At first glance, writing concurrent programs in Java seems like a straightforward task. But the devil is in the details. Fortunately, these details are strictly regulated by the Java memory model which, roughly speaking, decides what values a program can observe for a field at any given time. Without respecting the memory model, a Java program might behave erratically and yield bugs that only occur on some hardware platforms. This presentation summarizes the guarantees that are given by Java's memory model and teaches how to properly use volatile and final fields or synchronized code blocks. Instead of discussing the model in terms of memory model formalisms, this presentation builds on easy-to-follow Java code examples.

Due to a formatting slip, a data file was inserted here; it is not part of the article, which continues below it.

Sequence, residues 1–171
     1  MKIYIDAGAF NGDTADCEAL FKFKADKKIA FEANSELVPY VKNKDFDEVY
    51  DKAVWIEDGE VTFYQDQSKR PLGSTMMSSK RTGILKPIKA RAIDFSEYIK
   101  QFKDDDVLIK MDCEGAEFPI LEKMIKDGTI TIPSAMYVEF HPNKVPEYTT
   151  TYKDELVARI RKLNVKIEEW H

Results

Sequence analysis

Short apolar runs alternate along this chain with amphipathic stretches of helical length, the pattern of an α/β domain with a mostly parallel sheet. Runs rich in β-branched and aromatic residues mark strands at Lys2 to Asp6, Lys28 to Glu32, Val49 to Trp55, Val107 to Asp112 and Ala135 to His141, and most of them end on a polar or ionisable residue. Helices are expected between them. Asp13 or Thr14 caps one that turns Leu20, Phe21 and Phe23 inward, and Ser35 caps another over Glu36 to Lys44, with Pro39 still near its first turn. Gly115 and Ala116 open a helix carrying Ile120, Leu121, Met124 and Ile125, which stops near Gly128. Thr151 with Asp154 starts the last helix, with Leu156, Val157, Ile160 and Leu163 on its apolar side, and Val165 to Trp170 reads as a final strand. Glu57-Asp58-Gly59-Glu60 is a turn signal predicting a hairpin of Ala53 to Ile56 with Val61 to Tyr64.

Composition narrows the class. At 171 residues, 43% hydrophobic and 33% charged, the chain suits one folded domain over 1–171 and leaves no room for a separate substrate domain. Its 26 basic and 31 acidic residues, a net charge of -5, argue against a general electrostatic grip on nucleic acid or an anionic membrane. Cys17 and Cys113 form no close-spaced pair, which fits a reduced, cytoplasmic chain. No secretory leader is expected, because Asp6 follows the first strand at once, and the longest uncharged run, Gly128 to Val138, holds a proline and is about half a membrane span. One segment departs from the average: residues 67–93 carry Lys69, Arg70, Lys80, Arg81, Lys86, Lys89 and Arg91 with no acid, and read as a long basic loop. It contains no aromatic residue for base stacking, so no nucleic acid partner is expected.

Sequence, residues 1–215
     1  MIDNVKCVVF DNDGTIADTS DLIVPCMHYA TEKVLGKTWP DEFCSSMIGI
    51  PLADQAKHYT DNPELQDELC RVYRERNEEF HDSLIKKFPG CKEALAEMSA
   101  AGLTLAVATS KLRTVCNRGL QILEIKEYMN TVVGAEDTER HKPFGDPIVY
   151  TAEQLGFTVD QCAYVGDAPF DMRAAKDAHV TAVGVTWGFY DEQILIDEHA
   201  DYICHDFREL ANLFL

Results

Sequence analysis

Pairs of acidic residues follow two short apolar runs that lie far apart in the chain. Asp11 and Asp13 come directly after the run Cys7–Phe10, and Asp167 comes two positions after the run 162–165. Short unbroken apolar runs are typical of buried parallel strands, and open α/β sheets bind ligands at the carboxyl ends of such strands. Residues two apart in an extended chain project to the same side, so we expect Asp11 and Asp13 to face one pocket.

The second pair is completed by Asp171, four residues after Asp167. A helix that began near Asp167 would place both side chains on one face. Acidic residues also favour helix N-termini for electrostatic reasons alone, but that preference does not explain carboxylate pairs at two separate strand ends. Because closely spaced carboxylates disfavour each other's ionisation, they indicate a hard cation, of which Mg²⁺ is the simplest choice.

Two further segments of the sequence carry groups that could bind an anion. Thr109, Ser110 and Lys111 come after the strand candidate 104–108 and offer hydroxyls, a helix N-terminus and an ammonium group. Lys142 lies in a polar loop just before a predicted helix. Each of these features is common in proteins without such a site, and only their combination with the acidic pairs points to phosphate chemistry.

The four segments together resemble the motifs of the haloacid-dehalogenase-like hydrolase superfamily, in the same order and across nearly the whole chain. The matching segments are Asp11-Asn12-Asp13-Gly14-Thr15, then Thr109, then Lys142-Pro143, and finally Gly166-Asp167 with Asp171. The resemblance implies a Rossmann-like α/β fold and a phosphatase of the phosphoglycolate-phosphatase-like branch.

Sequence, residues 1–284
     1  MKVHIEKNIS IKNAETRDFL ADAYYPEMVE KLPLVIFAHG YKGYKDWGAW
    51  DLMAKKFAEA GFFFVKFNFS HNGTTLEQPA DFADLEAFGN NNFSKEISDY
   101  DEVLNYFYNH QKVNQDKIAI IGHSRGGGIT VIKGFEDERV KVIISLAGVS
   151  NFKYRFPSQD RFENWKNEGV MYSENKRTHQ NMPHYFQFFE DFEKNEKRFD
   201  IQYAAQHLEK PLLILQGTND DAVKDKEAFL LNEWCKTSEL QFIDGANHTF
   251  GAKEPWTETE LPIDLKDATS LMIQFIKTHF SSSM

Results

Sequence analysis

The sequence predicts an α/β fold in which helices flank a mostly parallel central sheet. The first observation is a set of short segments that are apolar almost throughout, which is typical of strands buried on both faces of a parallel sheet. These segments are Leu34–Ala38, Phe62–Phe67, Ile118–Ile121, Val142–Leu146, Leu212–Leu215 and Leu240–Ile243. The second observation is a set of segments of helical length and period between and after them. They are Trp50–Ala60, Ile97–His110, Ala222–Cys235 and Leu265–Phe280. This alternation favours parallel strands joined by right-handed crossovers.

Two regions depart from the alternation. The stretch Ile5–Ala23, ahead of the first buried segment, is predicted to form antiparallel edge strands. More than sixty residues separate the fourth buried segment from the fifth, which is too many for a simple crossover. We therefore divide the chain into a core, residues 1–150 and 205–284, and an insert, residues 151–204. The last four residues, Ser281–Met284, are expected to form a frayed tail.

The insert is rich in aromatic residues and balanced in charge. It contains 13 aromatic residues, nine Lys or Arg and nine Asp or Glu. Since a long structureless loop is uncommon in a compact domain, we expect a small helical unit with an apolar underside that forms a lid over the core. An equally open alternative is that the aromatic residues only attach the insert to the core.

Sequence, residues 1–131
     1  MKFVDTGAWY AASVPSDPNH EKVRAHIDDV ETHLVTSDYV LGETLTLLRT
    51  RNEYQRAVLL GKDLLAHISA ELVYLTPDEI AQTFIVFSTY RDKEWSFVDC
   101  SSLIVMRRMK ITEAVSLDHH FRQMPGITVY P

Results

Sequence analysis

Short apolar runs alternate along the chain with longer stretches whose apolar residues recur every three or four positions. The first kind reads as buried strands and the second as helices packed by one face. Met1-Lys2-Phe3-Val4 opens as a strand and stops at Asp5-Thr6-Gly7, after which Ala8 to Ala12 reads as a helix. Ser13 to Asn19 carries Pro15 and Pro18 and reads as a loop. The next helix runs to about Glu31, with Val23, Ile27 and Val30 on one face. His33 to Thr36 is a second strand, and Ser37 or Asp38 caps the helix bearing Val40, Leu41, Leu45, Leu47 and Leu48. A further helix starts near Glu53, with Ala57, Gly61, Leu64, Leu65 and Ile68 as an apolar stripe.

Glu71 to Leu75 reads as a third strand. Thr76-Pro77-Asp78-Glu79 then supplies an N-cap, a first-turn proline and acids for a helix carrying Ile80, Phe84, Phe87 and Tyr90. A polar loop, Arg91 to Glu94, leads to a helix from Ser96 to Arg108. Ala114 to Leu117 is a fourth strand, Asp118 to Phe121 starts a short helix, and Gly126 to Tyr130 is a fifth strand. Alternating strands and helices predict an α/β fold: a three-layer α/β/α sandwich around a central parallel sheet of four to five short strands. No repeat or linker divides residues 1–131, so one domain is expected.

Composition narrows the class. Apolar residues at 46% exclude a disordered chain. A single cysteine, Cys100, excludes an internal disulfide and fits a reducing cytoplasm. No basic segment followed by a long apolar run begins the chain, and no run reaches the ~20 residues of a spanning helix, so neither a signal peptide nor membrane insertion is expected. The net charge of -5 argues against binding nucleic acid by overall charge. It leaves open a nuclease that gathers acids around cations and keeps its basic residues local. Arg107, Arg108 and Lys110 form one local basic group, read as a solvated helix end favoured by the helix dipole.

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Rafael works as a software consultant in Oslo, Norway. He is a proponent of static typing and a JVM enthusiast with particular interest in code instrumentation, concurrency and functional programming. Rafael blogs about software development, regularly presents at conferences and was pronounced a JavaOne Rock Star. When coding outside of his work place, he contributes to a wide range of open source projects and often works on Byte Buddy, a library for simple runtime code generation for the Java virtual machine. For his work, Rafael received a Duke's Choice, an Oracle groundbreaker award award and was elected a Java Champion.